Naima Morelli

Tag "culture"

My article about  coffee cultures in Naples has just been published on the American magazine Fresh Cup. In this article I go back to my hometown Naples  interviewing three owners of different typologies of cafès, the historical Gambrinus, the typical Bar Nilo and the innovative Spazio Nea.

Here’s the link to the article on Fresh Cup website

Here you can order a copy of the magazine

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When it comes to creative jobs in general – and jobs in contemporary art in particular – the word “work” often assumes nuanced meanings.
After all work is not supposed to be fun. It has to be a daily ordeal, something that drains off your love for life, fades the colours around you and makes food tasteless.
Well, I think that today, more than ever, that is simply not true.
If you are into Brain Pickings, TED Talks, School of Life & similaria just like I am – and you probably are since you stumbled on this blog – you listen to people spurring you to make a business out of your passion every day. Nothing seems to be impossible in the era of internet. The sheer fact of owning a computer opens up a myriad of resources and possibilities.

Yet once again I hear people in contemporary art industry saying “Obviously with this project we are not interested in making any profit. We are doing that for the glory.” What followed is usually a resigned nodding: “That’s the way it is.”
The glory? What the hell, I thought, we are talking of contemporary art! If you are in for the glory, you better choose something a little more mainstream. Contemporary art gave fame and glory to very few people. The majority of these people are just a handful of artists, the rest are Hans Ulrich Obrist and Achille Bonito Oliva. Full stop. You may worship Palma Bucarelli (the late charming director of Rome’s National Gallery from 1942 al 1975) just like I do. But you also have to acknowledge that she’s pretty niche. Niche to the point she doesn’t even have a Wikipedia page in English. The best part is that I don’t think she would care about having a Wikipedia page either. She was not in for the glory; working in a museum was her job and it was a real respectable job, the kind that pays the bills – and in her case all those glamorous dresses as well.

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The Italian web magazine Art a Part of Cult(ure) has just published my interview with the Japanese artist Shohei Takasaki. The interview is part of my reportage about emerging artists in Melbourne.

Here the link to the interview

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In Melbourne one of the first questions people ask you is “where do you come from?”.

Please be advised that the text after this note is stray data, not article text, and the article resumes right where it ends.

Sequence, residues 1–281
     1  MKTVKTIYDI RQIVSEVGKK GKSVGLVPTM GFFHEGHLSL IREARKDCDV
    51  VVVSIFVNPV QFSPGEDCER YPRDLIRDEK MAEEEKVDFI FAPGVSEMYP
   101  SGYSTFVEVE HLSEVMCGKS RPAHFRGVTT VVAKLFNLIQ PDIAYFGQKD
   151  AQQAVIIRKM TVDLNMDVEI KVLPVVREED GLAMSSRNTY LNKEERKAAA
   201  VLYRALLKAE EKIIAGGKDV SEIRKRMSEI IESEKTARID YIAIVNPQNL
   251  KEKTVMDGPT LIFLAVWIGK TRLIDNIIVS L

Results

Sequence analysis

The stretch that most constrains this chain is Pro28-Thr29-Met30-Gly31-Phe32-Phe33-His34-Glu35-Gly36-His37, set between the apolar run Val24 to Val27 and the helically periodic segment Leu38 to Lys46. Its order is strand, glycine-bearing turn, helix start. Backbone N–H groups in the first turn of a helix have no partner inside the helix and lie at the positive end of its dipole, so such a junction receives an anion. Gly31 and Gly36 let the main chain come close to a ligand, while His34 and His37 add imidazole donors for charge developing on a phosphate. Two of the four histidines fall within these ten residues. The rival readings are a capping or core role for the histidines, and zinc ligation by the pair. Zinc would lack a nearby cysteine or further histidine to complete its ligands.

It makes sense in a city where hostels are flooding with drunk people swearing in so many different languages.
There are backpackers coming here with a sheer party mentality, europeans seeking for a well-payed job as waiters and wannabe adventures romantically compelled by soil their hair with red dust, possibly riding through the desert on a rusty jeep (that’s me, and I sadly found out that there is not that much desert in Victoria).

The prosaic reality of Melbourne city clashed so hard with my fantasy – eating Kangaroo on a red rock with aboriginals people – that I decided to keep myself busy with what is supposed to be my main job: contemporary art.
Well, the truth was that I was already in Melbourne to complete the last stages of my reportage about Indonesian contemporary art, so I found myself turning on the recorder and listen to the artist Tintin Wulia.
It was the first interview here in Melbourne and one of the last interviews for my reportage about Indonesia Contemporary Art.
Her work and her experience as an artist epitomized the core of my book: there is no such a thing called Indonesian art, there are some practices born in a geographical segment called Indonesia, and there are some artists born in Indonesia that are making art.
The edges are so sharp just on the map – ideas and aesthetic are much more fluid – yet these borders matter incredibly when comes to bureaucracy, biennales pavilions and personal identity.

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The Italian web magazine Art a Part of Cult(ure) just published my review on the exhibition “Rally – Contemporary Indonesian Art” at the National Gallery of Victoria.  The interview is part of my reportage about Indonesian Contemporary Art.

Here you are the link to the review

Here you are the link to the English translation of the review

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